Enjoy Your Deck :-) is an architectural model of the ubiquitous online ‘how-to’ home improvement video. The project reframes online video sharing platforms as a category of media that circulates architectural imagery, while simultaneously generating an attendant set of language, media, data, and associations, such as through comment sections, viewcount statistics, recommendations for related viewing, popup advertisements for local lumber yards, closed captions, and various options for sharing with friends and across social media.
Inscribed with a uniquely domestic focus, these videos activate the residential backyard as a space of public and private display, where aspiration, leisure, and performance are engaged through simultaneously productive and recreative tasks, such as chores, projects, pastimes, and parties. Requiring little more than basic building materials, some power tools, and a weekend, the construction of a backyard deck exemplifies the genre of online ‘how-to’ videos. The decks in these videos are surprisingly versatile forms. Their complexity, size, and architectural style are made to fit the site: they often stick to a simple plan.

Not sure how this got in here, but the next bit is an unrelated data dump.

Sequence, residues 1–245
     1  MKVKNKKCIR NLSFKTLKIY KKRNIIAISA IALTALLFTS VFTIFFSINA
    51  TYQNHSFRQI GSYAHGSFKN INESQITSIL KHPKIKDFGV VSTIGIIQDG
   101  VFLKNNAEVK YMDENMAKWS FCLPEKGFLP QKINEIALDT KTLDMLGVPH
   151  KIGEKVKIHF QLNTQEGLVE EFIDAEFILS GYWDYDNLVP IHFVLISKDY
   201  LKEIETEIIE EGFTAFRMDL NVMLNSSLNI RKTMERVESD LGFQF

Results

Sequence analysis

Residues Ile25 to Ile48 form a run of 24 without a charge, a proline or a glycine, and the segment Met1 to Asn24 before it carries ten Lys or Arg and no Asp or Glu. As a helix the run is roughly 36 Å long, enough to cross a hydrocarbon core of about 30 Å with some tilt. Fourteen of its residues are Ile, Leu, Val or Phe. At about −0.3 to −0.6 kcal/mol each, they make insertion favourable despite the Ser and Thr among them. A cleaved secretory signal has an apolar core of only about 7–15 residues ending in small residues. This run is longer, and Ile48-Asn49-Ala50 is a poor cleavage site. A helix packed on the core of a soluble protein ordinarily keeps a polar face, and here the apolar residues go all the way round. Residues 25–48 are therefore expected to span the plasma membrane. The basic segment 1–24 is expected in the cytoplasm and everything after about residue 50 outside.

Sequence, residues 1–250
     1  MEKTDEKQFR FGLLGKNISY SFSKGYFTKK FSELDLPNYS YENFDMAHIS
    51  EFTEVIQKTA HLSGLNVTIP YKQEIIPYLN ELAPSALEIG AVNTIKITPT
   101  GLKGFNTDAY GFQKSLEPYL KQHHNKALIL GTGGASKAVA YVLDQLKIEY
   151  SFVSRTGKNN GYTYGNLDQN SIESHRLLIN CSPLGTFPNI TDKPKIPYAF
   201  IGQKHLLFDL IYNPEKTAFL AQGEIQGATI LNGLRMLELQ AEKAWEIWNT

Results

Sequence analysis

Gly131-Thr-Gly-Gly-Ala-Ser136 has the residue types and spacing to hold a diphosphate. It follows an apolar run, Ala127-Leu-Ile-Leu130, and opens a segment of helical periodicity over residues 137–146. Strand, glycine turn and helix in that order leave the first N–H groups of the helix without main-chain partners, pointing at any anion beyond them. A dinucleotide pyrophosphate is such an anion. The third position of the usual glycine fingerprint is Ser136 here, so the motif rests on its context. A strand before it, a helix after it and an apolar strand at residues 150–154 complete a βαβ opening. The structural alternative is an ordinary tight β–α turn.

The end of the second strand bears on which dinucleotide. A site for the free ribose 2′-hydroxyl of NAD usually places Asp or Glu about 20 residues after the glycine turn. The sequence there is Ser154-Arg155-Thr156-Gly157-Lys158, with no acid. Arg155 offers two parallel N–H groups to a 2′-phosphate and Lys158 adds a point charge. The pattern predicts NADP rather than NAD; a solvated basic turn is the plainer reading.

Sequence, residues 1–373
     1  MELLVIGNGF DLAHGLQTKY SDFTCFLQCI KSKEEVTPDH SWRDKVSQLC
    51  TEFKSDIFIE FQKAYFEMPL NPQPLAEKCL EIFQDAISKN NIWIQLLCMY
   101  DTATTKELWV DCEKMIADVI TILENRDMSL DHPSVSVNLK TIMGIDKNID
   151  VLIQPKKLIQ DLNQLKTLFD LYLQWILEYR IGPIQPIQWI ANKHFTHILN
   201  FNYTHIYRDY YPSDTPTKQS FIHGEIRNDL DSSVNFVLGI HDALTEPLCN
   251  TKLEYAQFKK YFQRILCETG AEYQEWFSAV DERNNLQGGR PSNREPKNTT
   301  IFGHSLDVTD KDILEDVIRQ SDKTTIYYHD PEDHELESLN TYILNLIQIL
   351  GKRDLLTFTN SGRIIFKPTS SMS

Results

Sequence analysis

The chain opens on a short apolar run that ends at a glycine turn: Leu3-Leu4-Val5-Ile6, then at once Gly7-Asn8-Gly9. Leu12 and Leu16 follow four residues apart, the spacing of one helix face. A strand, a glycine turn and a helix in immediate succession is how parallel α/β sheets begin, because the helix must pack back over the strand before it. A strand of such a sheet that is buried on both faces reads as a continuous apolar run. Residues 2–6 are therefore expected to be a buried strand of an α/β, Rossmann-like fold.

The online instructional video provides an opportunity to rethink the differentiations that are typically perceived between expert and amateur practices in architecture, building, and design, and their increasing inadequacy for models of production. Self-made, self-composed, and often self-narrated, the video tutorials that the ‘D.I.Y’ aspirant records and uploads today on YouTube are short, narrative clips that depict construction and building practices as media imagery, engaging issues of labor, competency, and discourse. Through sheer volume and ease of dissemination, these videos are elevated into the canon by proscribing the ‘official’ ways of doing, and offering an opportunity for the ongoing litigation of terms, methods, and best practices. Choices of framing, editing, on-screen captions, expository asides, and casual digressions provide a simultaneous layer of meaning that is absent in other forms of architectural imagery.